PA seeks Israel talks to rework key eco agreement: minister
RAMALLAH, Palestinian Territories - Agence France-Presse
Palestinian president Mahmud Abbas. AA PhotoThe Palestinian Authority has formally asked Israel for talks on changing the Paris Protocol, a key agreement governing economic ties between the two, a minister told AFP today.
"I made a request to the Israeli government through the defence ministry... that the Palestinian Authority officially requests the reopening of the Paris Protocol which is not compatible with the current economic situation," said civil affairs minister Hussein al-Sheikh.
Sheikh said he had been advised by Palestinian president Mahmud Abbas to push through the request, which comes as the Palestinian Authority is struggling to handle a growing wave of social unrest over the spiralling cost of living.
"The president told me as head of civilian affairs to give the Israelis an official request to reopen the Paris Protocol -- to re-examine it, to adjust it and to change it as soon as possible," he explained.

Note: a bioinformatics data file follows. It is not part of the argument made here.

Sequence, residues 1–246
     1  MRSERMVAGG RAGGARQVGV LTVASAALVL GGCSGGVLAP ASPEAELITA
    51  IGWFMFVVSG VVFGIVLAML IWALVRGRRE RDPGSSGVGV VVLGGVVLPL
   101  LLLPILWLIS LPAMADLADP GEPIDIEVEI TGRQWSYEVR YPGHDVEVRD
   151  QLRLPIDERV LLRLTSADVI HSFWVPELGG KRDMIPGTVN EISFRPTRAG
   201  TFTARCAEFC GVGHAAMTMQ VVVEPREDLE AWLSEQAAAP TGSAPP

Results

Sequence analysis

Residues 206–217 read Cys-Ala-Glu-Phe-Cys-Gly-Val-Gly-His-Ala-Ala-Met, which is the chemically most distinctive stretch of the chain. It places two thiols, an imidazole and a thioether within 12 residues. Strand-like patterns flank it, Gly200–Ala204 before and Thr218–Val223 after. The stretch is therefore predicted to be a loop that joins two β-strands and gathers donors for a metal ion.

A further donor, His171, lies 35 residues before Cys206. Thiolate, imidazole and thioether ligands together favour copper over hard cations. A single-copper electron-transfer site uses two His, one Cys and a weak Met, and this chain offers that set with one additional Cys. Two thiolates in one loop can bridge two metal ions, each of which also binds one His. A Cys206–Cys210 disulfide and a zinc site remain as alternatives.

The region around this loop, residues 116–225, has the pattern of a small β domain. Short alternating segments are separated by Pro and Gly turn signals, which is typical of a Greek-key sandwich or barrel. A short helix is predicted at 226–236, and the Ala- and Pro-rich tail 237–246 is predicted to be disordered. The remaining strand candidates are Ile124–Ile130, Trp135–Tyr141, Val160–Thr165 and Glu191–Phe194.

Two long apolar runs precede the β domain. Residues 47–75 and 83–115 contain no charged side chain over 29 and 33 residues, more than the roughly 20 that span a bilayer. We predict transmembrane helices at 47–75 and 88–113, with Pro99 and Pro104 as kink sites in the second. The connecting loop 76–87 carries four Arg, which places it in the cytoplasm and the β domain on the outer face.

"We are waiting for the Israeli response and if they approve, a committee will be formed from the negotiations department and other specialised groups to start discussing the changes." There was no immediate comment from the Israeli defence ministry.
The Paris Protocol was a framework set up in 1994 which laid out the terms for the economic relations between Israel and the Palestinian Authority which was established as part of the Oslo Accords which created the PA.
"The goal of this is to provide for the Palestinian people within this difficult economic situation," Sheikh said.
In September 2011, Abbas said he wanted to amend the Paris Protocol which "contains restrictions that affect the Palestinian economy and hinder its development," he said.
"The Paris agreement does not allow Palestinians to promote their economy," Abbas said, describing it as "unfair." Over the last week, thousands of Palestinians have taken to the streets to protest against the soaring cost of living, rising petrol prices and unemployment, many of them demanding the resignation of prime minister Salam Fayyad.